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Record of a Tenement Gentleman (1947)

Nagaya shinshiroku (original title)
A young boy follows Tashiro home to his tenement housing complex on the outskirts of Tokyo, the boy who was separated from his carpenter father somehow and somewhere in Kudan. All Tashiro ... See full summary »


Yasujirô Ozu


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Credited cast:
Chôko Iida ... Otane
Hôhi Aoki Hôhi Aoki ... Kohei the boy
Eitarô Ozawa Eitarô Ozawa ... Father
Mitsuko Yoshikawa ... Kikuko
Reikichi Kawamura Reikichi Kawamura ... Tamekichi
Hideko Mimura Hideko Mimura ... Okiku
Chishû Ryû ... Tashiro
Takeshi Sakamoto ... Kihachi Kawayoshi
Eiko Takamatsu Eiko Takamatsu ... Tome
Taiji Tonoyama ... Photographer
Rest of cast listed alphabetically:
Yûichi Kôno Yûichi Kôno
Seiji Nishimura Seiji Nishimura
Fujiyo Osafune Fujiyo Osafune
Yoshino Tani Yoshino Tani


A young boy follows Tashiro home to his tenement housing complex on the outskirts of Tokyo, the boy who was separated from his carpenter father somehow and somewhere in Kudan. All Tashiro knows is that the boy and his father came to town from Chigasaki that morning. Despite Tashiro's want to house the kid until they decide what to do more permanently, Tashiro's roommate, Tamekichi, the tenement's head, won't let the kid stay, not liking children and not wanting to get involved. So Tashiro foists the kid onto their neighbor, the widowed Tane, who too protests, she also not liking children and not wanting to get involved. Tane treats the boy with disdain, which only increases by the next morning due to an overnight incident. Amongst the tenement residents, Tane is charged with going to Chigasaki to see if she can find the father or find out what happened to him. On that trip, what she learns by putting the pieces of the story together is that the father purposefully abandoned the boy as... Written by Huggo

Plot Summary | Add Synopsis

Plot Keywords:

boy | japan | post war | widow | tenement | See All (16) »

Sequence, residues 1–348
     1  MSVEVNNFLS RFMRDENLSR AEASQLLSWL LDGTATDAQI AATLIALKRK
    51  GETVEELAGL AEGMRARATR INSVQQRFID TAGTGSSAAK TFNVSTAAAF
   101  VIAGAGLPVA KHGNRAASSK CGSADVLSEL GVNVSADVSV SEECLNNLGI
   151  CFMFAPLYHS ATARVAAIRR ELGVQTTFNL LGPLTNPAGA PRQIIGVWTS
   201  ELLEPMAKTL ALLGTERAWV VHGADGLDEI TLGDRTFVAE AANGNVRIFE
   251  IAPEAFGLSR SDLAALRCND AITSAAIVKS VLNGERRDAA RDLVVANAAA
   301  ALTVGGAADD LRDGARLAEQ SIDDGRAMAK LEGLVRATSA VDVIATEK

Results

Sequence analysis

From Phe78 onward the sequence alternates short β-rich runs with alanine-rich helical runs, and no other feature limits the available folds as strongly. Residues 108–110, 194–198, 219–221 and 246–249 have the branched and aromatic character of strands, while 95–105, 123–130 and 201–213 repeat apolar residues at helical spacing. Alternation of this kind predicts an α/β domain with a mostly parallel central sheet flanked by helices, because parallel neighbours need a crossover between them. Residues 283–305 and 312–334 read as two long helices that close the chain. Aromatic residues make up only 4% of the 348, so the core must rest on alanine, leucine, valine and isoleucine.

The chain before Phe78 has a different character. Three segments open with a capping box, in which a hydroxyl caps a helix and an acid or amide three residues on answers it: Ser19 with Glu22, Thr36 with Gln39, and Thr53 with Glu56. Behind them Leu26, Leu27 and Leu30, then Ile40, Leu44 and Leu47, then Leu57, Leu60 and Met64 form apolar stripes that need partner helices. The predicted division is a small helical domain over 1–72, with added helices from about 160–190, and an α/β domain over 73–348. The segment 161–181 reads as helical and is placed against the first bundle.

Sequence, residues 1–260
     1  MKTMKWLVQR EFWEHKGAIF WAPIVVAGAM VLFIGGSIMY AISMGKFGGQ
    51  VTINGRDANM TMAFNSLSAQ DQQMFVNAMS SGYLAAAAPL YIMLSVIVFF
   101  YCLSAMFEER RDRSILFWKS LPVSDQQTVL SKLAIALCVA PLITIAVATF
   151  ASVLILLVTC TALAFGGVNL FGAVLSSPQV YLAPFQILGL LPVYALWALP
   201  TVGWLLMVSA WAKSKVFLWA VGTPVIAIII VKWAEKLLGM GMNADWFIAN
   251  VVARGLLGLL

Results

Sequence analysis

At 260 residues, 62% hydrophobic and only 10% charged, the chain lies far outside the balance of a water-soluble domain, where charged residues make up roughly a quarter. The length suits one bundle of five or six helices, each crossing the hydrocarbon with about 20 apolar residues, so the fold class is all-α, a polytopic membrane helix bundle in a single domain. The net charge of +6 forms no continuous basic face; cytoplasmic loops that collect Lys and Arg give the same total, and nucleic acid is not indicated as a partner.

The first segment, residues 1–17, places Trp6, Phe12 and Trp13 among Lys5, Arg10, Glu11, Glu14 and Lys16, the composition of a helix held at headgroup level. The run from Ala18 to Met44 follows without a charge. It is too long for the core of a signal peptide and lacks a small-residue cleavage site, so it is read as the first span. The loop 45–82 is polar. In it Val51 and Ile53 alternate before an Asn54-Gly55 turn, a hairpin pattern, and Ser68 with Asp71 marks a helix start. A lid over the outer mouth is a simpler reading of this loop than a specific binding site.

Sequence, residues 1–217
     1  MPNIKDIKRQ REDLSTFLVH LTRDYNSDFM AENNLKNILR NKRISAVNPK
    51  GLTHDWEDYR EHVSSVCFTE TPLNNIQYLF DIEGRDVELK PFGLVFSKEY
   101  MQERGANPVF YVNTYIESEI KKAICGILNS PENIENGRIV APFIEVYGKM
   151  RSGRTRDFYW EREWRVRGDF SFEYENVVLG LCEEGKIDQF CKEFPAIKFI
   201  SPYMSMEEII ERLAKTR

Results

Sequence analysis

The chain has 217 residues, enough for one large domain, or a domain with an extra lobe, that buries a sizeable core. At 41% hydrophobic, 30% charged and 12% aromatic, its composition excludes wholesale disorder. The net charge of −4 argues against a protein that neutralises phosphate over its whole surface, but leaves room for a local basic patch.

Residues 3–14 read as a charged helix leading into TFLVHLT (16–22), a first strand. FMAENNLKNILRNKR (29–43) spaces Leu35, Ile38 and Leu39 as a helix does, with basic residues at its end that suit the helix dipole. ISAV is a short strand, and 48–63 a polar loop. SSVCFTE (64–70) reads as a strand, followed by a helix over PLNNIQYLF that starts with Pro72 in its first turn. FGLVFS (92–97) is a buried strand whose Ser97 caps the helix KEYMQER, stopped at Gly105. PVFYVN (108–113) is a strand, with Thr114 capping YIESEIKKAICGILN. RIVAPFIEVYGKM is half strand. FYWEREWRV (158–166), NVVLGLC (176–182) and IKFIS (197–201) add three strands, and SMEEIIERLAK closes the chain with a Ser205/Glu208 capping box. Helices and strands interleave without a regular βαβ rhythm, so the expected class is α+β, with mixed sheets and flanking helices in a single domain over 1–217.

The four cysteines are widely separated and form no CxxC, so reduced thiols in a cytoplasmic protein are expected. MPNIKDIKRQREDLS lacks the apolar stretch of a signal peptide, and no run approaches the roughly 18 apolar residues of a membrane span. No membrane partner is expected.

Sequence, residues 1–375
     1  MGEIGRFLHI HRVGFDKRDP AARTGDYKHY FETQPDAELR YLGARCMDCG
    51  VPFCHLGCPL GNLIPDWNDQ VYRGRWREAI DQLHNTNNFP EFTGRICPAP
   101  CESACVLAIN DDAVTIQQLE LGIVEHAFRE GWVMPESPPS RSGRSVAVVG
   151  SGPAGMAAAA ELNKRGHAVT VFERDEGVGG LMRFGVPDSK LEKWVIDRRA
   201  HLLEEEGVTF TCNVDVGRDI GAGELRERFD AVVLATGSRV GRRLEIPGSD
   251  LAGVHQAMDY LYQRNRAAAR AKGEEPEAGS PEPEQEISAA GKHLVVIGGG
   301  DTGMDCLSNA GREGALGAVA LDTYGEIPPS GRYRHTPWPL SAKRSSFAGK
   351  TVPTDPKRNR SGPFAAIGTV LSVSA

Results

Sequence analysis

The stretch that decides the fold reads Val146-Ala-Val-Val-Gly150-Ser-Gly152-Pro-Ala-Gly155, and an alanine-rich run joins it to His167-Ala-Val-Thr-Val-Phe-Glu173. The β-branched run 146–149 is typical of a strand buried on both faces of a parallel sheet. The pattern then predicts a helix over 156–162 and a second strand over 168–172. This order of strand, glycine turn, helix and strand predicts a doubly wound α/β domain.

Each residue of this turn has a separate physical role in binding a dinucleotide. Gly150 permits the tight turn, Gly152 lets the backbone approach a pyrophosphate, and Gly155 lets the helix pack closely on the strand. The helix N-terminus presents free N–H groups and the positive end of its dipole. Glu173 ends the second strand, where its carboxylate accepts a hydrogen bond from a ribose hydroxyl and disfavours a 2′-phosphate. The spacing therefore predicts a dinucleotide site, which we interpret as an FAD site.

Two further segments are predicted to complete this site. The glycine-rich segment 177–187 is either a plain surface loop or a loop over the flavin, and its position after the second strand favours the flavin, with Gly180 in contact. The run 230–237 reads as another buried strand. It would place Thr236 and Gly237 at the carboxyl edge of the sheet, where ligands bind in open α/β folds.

Release Date:

20 May 1947 (Japan) See more »

Also Known As:

Historia de un vecindario See more »

Company Credits

Production Co:

Shochiku See more »
Show more on IMDbPro »

Technical Specs

Sound Mix:


Aspect Ratio:

1.37 : 1
See full technical specs »

Did You Know?


Kikuko: I feel sorry for the boy.
Otane: I know. But maybe a kid like him will grow up to become something. It's said that as kids, many great men were slightly clumsy and careless, rather than extremely bright.
Kikuko: You do hear that.
Otane: And he was kindhearted, collecting cigarette butts and nails for his heartless father. He was a rather fine boy.
Kikuko: It's too bad he's gone. You miss him, don't you? You've grown to care for him a lot, haven't you? You already have affection for him, don't you?
Otane: Do I, now?
Kikuko: Of course you ...
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User Reviews

Languid postwar Ozu
18 March 2012 | by chaos-rampantSee all my reviews

Postwar Ozu, and by contrast to prewar films, little has changed; clear, composed eye, quietly enduring lives, even in the face of near-complete destruction.

Once more, a primary point lies in the edifying fable of the thing. The father is absent, authority if you will, core social integrity, always a looming absence in Ozu, and the orphaned kid will have to rely on the fundamental kindness of the world. Of course that world rises to the occasion, overcomes ego, harshness, in this case no doubt fostered by the hard reality of the times. Instead of scavenging alleys for nails to piece back together destroyed homes, it is asserted that selfless love should take care of that.

This is asserted in a clumsily unsubtle way, straight to the camera. Ozu was back at Shochiku from wartorn Manchuria, and it should not be underestimated, so were many Japanese, back from whatever gruelling role they were forced to play in the war.

To better understand this conservative need for closure, you have to note the way Ozu closes the film. The woman wanting to take care of another orphaned kid is pointed to the direction of Saigo's statue in Ueno Park - where it stands to this day. Saigo was a popular hero famous in conventional history for the last stand of the old samurai faction against plans for a modernized Japan. The ill-advised Tom Cruise film portrays the events.

This is enough to give us pause. Here's a director who had been unerringly forward-looking 15 years ago, had fervently embraced modern foreign film and widely referenced Western mores, no longer a youthful cinephile but sobered from the experience of war, who points for inspiration to this paragon of samurai virtue and ethos. Japan might as well forget the bold experiment with an empire that ended in such humiliating defeat, and look back instead to the simpler times when feudal lords and their police maintained coherence of the world.

This is a pity. The eye is clear but dulled by emotion, making for languid flow but without insight. Japan would have to wait another 10 years for the next generation of forward-looking filmmakers to look deeper into the ruins.

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